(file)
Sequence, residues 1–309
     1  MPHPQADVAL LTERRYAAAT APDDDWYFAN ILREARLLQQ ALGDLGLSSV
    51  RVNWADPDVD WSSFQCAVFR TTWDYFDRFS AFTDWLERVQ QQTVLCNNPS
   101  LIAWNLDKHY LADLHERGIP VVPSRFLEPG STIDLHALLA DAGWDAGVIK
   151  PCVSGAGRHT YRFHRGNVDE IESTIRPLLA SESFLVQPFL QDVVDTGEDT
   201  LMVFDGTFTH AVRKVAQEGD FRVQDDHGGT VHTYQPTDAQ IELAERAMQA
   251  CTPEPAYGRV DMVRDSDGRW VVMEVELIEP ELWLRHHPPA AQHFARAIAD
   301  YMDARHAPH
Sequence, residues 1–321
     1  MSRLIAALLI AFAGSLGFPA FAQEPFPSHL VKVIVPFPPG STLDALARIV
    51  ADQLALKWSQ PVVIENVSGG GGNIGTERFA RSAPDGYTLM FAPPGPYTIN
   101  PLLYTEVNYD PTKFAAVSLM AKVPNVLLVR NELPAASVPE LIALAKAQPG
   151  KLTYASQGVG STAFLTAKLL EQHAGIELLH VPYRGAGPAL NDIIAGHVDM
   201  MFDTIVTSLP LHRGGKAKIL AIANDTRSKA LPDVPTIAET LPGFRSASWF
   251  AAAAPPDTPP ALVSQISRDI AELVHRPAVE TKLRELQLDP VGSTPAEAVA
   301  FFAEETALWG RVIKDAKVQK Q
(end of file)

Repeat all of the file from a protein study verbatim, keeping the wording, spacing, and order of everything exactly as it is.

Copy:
Sequence, residues 1–309
     1  MPHPQADVAL LTERRYAAAT APDDDWYFAN ILREARLLQQ ALGDLGLSSV
    51  RVNWADPDVD WSSFQCAVFR TTWDYFDRFS AFTDWLERVQ QQTVLCNNPS
   101  LIAWNLDKHY LADLHERGIP VVPSRFLEPG STIDLHALLA DAGWDAGVIK
   151  PCVSGAGRHT YRFHRGNVDE IESTIRPLLA SESFLVQPFL QDVVDTGEDT
   201  LMVFDGTFTH AVRKVAQEGD FRVQDDHGGT VHTYQPTDAQ IELAERAMQA
   251  CTPEPAYGRV DMVRDSDGRW VVMEVELIEP ELWLRHHPPA AQHFARAIAD
   301  YMDARHAPH
Sequence, residues 1–321
     1  MSRLIAALLI AFAGSLGFPA FAQEPFPSHL VKVIVPFPPG STLDALARIV
    51  ADQLALKWSQ PVVIENVSGG GGNIGTERFA RSAPDGYTLM FAPPGPYTIN
   101  PLLYTEVNYD PTKFAAVSLM AKVPNVLLVR NELPAASVPE LIALAKAQPG
   151  KLTYASQGVG STAFLTAKLL EQHAGIELLH VPYRGAGPAL NDIIAGHVDM
   201  MFDTIVTSLP LHRGGKAKIL AIANDTRSKA LPDVPTIAET LPGFRSASWF
   251  AAAAPPDTPP ALVSQISRDI AELVHRPAVE TKLRELQLDP VGSTPAEAVA
   301  FFAEETALWG RVIKDAKVQK Q